AbstractReasons for performing study:
Injuries in energy-storing tendons are common in both horses and man. The high prevalence of reinjury and the relatively poor prognosis for returning to preinjury performance levels warrant further research, for which well characterised models would be very helpful.Objectives:
Given the clinical similarities in tendinopathy of energy-storing tendons, we hypothesised that a recently developed experimental model of equine tendon injury would display many of the characteristics of clinical tendinopathy and could therefore be of use for both species, thus providing comparative insight to the human condition and offering direct potential impact to equine medicine.Study design:
In vivo experimental study.Methods:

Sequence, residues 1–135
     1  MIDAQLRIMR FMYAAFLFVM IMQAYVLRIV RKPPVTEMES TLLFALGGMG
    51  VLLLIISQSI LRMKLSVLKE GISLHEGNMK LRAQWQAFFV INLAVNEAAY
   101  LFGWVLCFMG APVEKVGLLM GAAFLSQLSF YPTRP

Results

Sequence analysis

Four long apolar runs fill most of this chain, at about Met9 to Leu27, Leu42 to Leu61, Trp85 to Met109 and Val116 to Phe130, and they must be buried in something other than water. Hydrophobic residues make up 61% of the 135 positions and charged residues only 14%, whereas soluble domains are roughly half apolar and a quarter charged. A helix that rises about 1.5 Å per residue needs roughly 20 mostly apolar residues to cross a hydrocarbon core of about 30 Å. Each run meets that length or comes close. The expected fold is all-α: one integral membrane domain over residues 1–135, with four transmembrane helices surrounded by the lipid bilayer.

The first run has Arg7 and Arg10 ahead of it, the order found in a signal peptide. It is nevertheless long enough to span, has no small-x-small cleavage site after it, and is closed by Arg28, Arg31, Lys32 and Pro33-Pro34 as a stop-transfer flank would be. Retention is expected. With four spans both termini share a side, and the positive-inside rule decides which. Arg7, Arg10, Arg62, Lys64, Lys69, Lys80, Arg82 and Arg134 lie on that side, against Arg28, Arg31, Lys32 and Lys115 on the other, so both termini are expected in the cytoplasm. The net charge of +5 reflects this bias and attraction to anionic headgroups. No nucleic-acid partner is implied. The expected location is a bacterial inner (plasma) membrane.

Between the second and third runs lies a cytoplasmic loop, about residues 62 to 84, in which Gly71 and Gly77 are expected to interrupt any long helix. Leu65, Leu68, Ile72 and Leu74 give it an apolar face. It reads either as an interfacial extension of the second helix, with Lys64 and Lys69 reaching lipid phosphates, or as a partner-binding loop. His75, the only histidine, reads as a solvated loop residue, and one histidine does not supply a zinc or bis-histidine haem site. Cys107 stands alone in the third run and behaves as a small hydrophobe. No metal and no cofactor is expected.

Surgical lesions were created in the superficial digital flexor tendon (SDFT) of 6 horses. Clinical examination, as well as biochemistry, histology and immunohistochemistry were performed on the harvested samples at 6 weeks post surgery.Results:
Disrupted collagen fibres, increased glycosaminoglycan content, increased presence of tenocytes with plump nuclei, the scarcity of inflammatory cells, increased matrix metalloproteinase (MMP) activity and neovascularisation were observed and found to be consistent with clinical tendinopathy.Conclusion and relevance:
This model displays the key features of the most common human and equine degenerative tendon disorders and is therefore an appropriate, if still imperfect, model of tendinopathy.